Bavarian headscarf ban upheld in German state court

[JURIST] The Constitutional Court of the German state of Bavaria [official website, in German] Monday upheld [press release, in German] a 2004 state law [BBC report] which bans teachers from wearing religious headscarves [JURIST news archive]. An Islamic religious group had sued the state claiming the law was unconstitutional under the Bavarian state constitution [text] because it eliminated Muslim symbols from the classroom yet still allowed Christian and Jewish images to be displayed. Officials speaking for the state argued the ban was valid because as opposed to the cross and other religious markings, the headscarf is worn only by women and thus its wearing mitigated against gender equality as guaranteed under the constitution.

Headscarves have been the topic of fierce debate in Germany since teacher Fereshta Ludin [Pluralism Project backgrounder] filed suit after being denied a job in Stuttgart in 1998. Ludin argued that the German constitution guaranteed her right to wear the headscarf. A federal German court ruled in September 2003 [BBC report] that under then-current laws, she was correct, but it also noted that individual states could pass laws banning the headwear. Since then, eight German states have implemented such bans, including most recently the state of North-Rhine Westphalia [DW report]. Deutsche Welle has more.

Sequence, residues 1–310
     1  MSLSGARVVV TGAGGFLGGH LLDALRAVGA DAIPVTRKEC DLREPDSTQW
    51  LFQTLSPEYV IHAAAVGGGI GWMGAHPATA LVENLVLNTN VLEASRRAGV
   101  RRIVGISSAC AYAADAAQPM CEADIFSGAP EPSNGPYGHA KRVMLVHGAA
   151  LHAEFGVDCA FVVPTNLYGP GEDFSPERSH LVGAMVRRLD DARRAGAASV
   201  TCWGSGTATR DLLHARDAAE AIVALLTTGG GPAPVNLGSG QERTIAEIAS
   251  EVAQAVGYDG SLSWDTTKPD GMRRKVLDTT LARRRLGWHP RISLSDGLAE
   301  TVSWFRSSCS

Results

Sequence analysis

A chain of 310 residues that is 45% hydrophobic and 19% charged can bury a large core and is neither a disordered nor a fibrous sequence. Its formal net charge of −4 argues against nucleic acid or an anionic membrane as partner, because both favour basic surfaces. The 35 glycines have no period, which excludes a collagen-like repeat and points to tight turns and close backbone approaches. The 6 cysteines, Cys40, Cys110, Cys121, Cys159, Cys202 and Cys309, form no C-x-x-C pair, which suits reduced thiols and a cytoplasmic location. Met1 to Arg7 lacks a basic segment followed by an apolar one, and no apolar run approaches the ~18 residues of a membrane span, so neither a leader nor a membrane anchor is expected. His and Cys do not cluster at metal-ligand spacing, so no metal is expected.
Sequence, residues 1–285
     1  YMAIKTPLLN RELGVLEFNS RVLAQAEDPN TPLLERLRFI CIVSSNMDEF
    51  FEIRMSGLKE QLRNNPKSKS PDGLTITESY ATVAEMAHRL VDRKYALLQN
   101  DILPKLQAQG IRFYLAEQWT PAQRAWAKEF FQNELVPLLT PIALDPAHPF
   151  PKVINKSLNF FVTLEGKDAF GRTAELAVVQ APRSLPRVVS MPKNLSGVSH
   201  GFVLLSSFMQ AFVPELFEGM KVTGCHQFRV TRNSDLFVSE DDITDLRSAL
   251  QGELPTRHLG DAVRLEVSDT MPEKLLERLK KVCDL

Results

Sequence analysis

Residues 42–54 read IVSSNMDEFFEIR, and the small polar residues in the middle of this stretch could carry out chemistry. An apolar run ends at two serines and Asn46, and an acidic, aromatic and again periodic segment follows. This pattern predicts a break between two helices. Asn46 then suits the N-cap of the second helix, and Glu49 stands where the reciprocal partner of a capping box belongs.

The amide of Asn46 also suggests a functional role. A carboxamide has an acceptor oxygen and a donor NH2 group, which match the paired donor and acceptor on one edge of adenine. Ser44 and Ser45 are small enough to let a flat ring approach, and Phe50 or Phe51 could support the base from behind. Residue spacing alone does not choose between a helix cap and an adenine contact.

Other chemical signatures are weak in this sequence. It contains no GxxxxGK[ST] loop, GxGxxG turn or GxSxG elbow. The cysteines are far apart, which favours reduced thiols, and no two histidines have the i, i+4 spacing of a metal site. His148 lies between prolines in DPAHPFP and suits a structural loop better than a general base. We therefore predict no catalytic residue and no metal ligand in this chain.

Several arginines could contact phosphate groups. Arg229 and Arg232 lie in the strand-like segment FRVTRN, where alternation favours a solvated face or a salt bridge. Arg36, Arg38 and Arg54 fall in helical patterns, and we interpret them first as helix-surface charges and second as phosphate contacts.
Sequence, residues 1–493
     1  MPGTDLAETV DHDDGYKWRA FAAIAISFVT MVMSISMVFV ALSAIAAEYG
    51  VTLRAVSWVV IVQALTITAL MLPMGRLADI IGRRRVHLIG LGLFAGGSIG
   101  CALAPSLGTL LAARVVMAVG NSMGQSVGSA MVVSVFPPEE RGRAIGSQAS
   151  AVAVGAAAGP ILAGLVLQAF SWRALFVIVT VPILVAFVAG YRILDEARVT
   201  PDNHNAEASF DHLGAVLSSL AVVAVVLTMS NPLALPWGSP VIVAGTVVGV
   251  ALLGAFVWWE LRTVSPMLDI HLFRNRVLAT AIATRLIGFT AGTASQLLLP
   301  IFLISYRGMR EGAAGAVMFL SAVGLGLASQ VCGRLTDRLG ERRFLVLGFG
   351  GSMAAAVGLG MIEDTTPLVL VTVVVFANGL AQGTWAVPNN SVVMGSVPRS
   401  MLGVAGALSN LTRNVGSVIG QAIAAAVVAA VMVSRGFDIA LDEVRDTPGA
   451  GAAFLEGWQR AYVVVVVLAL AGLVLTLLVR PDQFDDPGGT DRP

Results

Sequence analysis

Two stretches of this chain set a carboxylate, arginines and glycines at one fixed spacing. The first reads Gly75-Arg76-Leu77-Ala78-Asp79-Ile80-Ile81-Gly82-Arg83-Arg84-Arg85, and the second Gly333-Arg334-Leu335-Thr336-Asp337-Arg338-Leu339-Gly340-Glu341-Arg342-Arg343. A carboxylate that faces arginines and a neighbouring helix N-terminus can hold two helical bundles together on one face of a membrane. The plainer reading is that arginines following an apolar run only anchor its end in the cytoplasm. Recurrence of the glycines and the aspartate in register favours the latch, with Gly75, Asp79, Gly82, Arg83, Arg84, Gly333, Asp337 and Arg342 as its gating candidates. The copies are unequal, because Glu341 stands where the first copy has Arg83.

In related news Monday, Egyptian minister of religious endowments minister Hamdy Zaqzuq has said that he has forbidden women working as religious counselors from wearing face veils, because it was custom, not religion-based, to do so. His statements came the same day he had a woman removed from a training session [Demaz report] for wearing the face veil. Zaqzuq said that those who continued to wear the full veil would no longer act as religious counselors and would instead assume administrative positions within the ministry. AFP has more.



 

About Paper Chase

Paper Chase is JURIST's real-time legal news service, powered by a team of 30 law student reporters and editors led by law professor Bernard Hibbitts at the University of Pittsburgh School of Law. As an educational service, Paper Chase is dedicated to presenting important legal news and materials rapidly, objectively and intelligibly in an accessible format.

© Copyright JURIST Legal News and Research Services, Inc., 2013.